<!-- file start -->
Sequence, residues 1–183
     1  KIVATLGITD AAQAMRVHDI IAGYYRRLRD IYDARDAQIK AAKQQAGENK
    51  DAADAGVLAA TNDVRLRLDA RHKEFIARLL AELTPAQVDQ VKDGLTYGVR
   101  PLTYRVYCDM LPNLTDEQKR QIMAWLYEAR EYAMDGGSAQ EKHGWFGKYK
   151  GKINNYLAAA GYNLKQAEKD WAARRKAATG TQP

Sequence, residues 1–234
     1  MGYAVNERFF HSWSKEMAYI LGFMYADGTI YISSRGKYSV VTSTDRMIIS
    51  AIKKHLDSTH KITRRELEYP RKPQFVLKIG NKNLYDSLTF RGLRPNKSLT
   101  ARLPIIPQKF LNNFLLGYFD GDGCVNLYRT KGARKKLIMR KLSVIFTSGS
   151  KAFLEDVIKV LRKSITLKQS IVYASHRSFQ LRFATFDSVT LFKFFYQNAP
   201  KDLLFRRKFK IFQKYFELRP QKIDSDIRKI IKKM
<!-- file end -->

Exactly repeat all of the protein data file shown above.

Sequence, residues 1–183
     1  KIVATLGITD AAQAMRVHDI IAGYYRRLRD IYDARDAQIK AAKQQAGENK
    51  DAADAGVLAA TNDVRLRLDA RHKEFIARLL AELTPAQVDQ VKDGLTYGVR
   101  PLTYRVYCDM LPNLTDEQKR QIMAWLYEAR EYAMDGGSAQ EKHGWFGKYK
   151  GKINNYLAAA GYNLKQAEKD WAARRKAATG TQP

Sequence, residues 1–234
     1  MGYAVNERFF HSWSKEMAYI LGFMYADGTI YISSRGKYSV VTSTDRMIIS
    51  AIKKHLDSTH KITRRELEYP RKPQFVLKIG NKNLYDSLTF RGLRPNKSLT
   101  ARLPIIPQKF LNNFLLGYFD GDGCVNLYRT KGARKKLIMR KLSVIFTSGS
   151  KAFLEDVIKV LRKSITLKQS IVYASHRSFQ LRFATFDSVT LFKFFYQNAP
   201  KDLLFRRKFK IFQKYFELRP QKIDSDIRKI IKKM